Melanocytic nevi have an enormous range of morphologies — which is one of the reasons why differentiating them from melanomas can be so difficult.
Atypical or dysplastic nevi
Nobody can agree on what these terms mean in a clinically useful way. They can refer to either a clinical or histopathological appearance but their is little overlap between these usages. The term was meant to embrace a melanocytic nevus that seems unusual in appearance and is reminiscent of a superficial spreading melanoma. The implication being that this type of atypical or dysplastic nevus is in danger of progressing to melanoma. Some patients seem to have lots of such nevi. In practice a large proportion of the population seem to have melanocytic nevi that meet the criteria for dysplastic nevi and there is little consistency between dermatologists. In practice, if you think a melanocytic nevi is suspicious of melanoma, say that and act on it. Expunging terms form the lexicon is hard!
Melanin deep in the dermis appears blue due to light scattering (we met this phenomenon in earlier chapters). Melanocytic nevi therefore that are deep in the dermis appear blue. They often appear in childhood, and are more common in some Asian populations. However a new onset blue nevus in middle age or older should be looked upon with suspicion: could this be a nodular melanoma? Physical signs alone will not always allow a clear distinction.
The hint of blue colour was more obvious for both these lesions in real life rather than on these photographs. It is easy to see how these lesions may be confused with melanoma if there is no history available.
These are melanocytic nevi that appear to be under immune attack from the host with destruction of melanocytes. They are easy to diagnose. They are of no clinical significance except that halo nevi may appear in patient with a melanoma elsewhere — examine the whole skin of such adult patients. They are common in childhood and harmless. Some melanocytic nevi become surrounded by what appears to a patch of eczema although there is not a halo present (known as a Meyerson’s nevus). These again seem to represent some form of host response to a nevus and is of no great medical consequence.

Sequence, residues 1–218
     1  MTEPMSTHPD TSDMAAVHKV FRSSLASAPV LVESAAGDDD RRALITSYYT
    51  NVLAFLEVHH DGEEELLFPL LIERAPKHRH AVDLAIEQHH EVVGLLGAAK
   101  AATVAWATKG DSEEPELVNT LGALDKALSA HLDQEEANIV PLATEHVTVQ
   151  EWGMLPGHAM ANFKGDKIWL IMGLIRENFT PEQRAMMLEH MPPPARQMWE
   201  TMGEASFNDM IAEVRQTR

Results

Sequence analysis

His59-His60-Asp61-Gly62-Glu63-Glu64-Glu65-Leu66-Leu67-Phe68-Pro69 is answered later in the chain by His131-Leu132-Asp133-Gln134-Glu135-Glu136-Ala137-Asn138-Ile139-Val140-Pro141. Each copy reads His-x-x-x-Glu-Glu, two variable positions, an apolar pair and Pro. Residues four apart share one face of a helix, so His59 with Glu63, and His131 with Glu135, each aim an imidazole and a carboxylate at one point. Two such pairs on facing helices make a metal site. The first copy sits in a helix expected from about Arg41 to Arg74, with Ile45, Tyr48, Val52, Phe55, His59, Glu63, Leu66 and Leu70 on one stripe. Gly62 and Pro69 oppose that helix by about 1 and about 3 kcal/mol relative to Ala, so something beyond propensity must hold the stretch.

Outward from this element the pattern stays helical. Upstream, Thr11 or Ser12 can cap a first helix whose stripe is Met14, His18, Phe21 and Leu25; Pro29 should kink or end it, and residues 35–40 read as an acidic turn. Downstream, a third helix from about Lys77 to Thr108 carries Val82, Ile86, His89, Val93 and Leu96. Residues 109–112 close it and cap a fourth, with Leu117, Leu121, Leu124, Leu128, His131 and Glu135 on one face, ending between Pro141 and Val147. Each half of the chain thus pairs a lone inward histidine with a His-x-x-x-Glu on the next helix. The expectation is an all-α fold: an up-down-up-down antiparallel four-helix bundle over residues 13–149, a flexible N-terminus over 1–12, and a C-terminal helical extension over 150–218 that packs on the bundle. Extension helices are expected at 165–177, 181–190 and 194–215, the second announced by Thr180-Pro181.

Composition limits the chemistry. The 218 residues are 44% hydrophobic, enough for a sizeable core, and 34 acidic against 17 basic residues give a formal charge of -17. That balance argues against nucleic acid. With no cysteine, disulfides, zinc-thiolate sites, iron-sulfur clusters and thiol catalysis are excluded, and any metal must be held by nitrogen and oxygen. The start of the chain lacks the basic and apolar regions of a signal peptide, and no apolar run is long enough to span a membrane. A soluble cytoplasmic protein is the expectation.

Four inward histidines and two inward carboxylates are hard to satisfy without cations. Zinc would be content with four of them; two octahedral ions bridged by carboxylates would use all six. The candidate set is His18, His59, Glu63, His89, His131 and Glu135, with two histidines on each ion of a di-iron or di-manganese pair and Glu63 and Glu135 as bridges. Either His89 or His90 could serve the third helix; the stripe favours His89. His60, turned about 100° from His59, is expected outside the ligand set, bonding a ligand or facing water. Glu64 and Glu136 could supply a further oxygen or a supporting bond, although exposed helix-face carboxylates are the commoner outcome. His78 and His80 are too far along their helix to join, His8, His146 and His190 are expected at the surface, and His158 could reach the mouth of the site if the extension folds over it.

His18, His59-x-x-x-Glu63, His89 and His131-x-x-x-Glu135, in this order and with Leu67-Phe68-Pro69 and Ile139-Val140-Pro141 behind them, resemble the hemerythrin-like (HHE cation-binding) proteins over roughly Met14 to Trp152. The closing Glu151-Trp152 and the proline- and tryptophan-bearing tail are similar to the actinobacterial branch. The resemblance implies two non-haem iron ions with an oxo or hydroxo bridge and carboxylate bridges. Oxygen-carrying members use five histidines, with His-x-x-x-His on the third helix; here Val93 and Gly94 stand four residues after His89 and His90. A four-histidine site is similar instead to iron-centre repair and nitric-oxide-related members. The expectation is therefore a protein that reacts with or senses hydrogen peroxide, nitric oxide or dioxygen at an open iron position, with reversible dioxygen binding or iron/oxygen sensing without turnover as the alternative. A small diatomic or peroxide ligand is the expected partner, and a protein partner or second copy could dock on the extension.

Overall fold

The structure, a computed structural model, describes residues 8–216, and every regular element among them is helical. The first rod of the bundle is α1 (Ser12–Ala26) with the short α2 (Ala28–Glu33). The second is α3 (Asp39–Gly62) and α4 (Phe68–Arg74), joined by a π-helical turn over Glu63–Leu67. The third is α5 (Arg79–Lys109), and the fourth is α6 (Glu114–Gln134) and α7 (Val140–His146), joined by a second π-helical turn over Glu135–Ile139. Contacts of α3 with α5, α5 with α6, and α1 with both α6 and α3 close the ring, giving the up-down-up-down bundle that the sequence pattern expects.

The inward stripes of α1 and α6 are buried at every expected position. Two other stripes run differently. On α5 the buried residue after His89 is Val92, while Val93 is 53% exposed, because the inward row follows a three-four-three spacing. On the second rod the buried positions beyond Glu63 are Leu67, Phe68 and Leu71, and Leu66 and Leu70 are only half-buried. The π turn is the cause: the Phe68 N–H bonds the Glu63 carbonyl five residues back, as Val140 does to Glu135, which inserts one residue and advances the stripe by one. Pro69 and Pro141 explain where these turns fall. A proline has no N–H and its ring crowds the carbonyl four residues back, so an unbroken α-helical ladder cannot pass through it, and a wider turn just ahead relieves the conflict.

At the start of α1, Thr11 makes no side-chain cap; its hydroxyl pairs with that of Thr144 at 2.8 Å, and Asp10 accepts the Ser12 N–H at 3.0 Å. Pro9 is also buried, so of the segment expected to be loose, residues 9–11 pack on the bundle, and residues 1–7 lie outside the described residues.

Note the depigmentation around only one of the two melanocytic nevi.
A type of melanocytic nevus. Typically a reddish brown nodule in a child or young adult. They are most common on the upper arms or face.They are benign but histologically very unusual and easily confused with melanomas even by expert dermatopathologists. Their terminology is confusing.
Melanotic macules of the lips
These are macules of increased pigmentation seen on the lips (and the genitalia). Usually multiple, solitary lesions can be confused with melanomas or venous lakes
Café au lait macules
These are light brown macules measuring from one centimetre upwards to 10cm or more. They are present in up to 10% of the normal European population, and are present form early childhood. If more than five are present consider neurofibromatosis and check for axillary freckling and neurofibromas.
Other benign skin lesions
Haemangiomas and pyogenic granulomas